A sure way to break up the museum monotony is to take a day trip to the wine regions. You may be able to coordinate this with the same provider of your food tour itinerary will be a lot of fun.
If you choose to travel with an organized professional tour, they are usually all-inclusive. You will not have to worry about making travel arrangements, choosing locations, purchasing a tasting, or busting the language barrier during your visit. They can last 1 - 3 days. Prices will vary, so be sure to check a review website to find a good guide providing a superb experience. Your day trip should include chats with the vintner and meals with expert pairing. Here are some locations that you will want to visit.
Also known as the Garden of France, the Loire Valley is a two-hour drive from Paris with easy access via high-speed rail, bus, and plane. With over 173,000 acres under vine, you’ll be under the influence of sparkling, white, rosé, red, and desserts. The main grape varieties include Chenin blanc, Sauvignon blanc, Cabernet franc, Melon de Bourgogne, Gamay, and Pinot noir. It’s always best to spend a few nights in any new place, Tours makes a great home base for your expeditions. In downtown Tours, just a short walk from the train station is the Office de Tourisme. Here you can inquire about private van tours to the surrounding chateaux.
In the Loire Valley, the charm of past centuries still attracts many visitors. As the most popular and largest city in this area, Tours is worth a stop. The renowned chateaux of Chenonceau and Chambord are located in the Loire Valley. Other villages to discover with ancient architecture are Amboise, Chinon and Loches. You will find authentic food plentiful on this journey back in time.
Like the song Champagne Supernova, this is your chance to taste the wine of the kings. It is the land where Benedictine monk Dom Perignon pioneered a number of viticulture techniques in 1670. Pinot Noir, Pinot Meunier, and Chardonnay are the primary grapes used in the production of this most legendary sparkling beverage. By automobile, supercharged Champagne is less than 2 hours of travel time from the City of Lights. At every corner of this bubbly region, clean sparkling beverage flows, like the Marne River that runs through its villages.
Home to the romance and lore of King Arthur and the Round Table, Troyes, Reims, and Épernay are cities that should be explored when considering which wine regions to visit. It goes without saying that no other sparkling wine can be Champagne, so you will not want to miss this opportunity to enjoy a celebration glass here.
Alsace has some of the most beautiful villages in France. The fairytale-like adorned doors and windows of shops and homes line the cobblestone streets. Located in the 10th arrondissement is the Paris East Train Station (Gare de Paris-est), one of the oldest and largest rail stations in Paris. Departing multiple times daily is the TGV: High Speed Rail Service, arriving at Strasbourg Station (Gare de Strasbourg) in just under 2 hours, traveling over 200 mph. A perfect starting point is downtown. You can walk or bicycle with your tour group through the magical quaint villages. Family vineyards are in great abundance. There are 6 white grape varieties: Sylvaner, Pinot Blanc, Riesling, Muscat d’Alsace, Pinot Gris and Gewurztraminer. There is also a Pinot Noir red.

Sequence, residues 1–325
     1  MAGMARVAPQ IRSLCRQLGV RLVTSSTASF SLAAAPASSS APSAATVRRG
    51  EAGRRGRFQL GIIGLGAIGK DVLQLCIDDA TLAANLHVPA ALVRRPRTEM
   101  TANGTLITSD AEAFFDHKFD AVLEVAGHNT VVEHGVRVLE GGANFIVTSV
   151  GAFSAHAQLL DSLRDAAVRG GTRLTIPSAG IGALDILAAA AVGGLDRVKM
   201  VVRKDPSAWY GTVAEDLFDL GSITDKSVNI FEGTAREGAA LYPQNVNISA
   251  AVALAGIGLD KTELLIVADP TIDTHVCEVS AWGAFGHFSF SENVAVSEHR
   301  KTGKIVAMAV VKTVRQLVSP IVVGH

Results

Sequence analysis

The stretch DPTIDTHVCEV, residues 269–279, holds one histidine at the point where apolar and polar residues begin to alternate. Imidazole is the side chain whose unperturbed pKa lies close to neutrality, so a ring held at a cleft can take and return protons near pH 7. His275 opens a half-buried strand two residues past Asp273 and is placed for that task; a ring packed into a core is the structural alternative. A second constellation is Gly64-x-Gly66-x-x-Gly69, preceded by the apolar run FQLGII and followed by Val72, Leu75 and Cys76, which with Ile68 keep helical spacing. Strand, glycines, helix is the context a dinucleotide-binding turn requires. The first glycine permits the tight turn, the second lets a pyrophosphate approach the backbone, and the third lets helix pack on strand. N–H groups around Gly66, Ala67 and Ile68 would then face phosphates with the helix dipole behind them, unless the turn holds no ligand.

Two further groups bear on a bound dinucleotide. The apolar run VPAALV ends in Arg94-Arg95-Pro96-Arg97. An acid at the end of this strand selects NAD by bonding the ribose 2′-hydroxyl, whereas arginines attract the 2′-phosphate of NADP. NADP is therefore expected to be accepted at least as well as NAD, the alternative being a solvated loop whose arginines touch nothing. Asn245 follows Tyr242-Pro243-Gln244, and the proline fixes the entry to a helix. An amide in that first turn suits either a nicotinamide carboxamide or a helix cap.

A wonderful walking town, Strasbourg, is filled with charming hotels, elegant restaurants, and friendly cafes. Bordering Germany lies the scenic Alsace Route, an area known for Sylvaner, Riesling, and Gewurztraminer. Popular villages to explore are Colmar, Obernai, Turckheim, Kaysersberg, and Eguisheim. Many winegrowers will be offering tastings along the way. Historically significant during World War I for its Battle of the Frontiers (1914), this area of Alsace-Lorraine was ceded and retroceded four times with Germany between 1871 - 1945.
Not to be missed, and just a 45-minute drive from the Strasbourg Airport, are the storybook villages of Ribeauvillé and Riquewihr. Ribeauvillé is one of the oldest medieval towns in Alsace. Riquewihr, which has a population of less than 1300 is a member of the Association of the Most Beautiful Villages in France. This very spot is where the animators of Disney’s Beauty and the Beast found inspiration for the fairytale “little town” that Belle called home.
Although a bit far, seven hours by car, or a scenic three hour TGV (high-speed rail) journey, a trip to Bordeaux will put you on the right track. This is the largest viticulture area in France, well known for its Merlot, Cabernet Sauvignon, Cabernet franc and Malbec. Cognac, with a population just under 20,000, is ground zero for its brandy distilleries that produce 50 million bottles of the finest brandy on the planet. With its paved cobblestone streets, limestone houses, and breathtaking medieval castles to feast your eyes upon, Cognac and its neighbor a few miles away, Jarnac, is an interesting area of Bordeaux to discover. Bordeaux wines are created from a blend of grape varieties.
Traveling back in time, you will be immersed in classic cuisine and an elegant landscape in Saint-Emilion. Dating back to the 8th century, an hour from Bordeaux is this picturesque medieval village that is renowned for its macarons and fine wine. Soak up the classic French lifestyle, cafes and bars, magnificent hotels, and outstanding restaurants. It was designated a UNESCO Heritage Site in 1999. Saint-Emilion is comprised of 14,000 acres of vineyards and hundreds of chateaux. Dotted with internationally famous wineries, and a cottage industry of rare, hard to find wines, produced from plump, full-bodied Merlot grapes that dominate this area.
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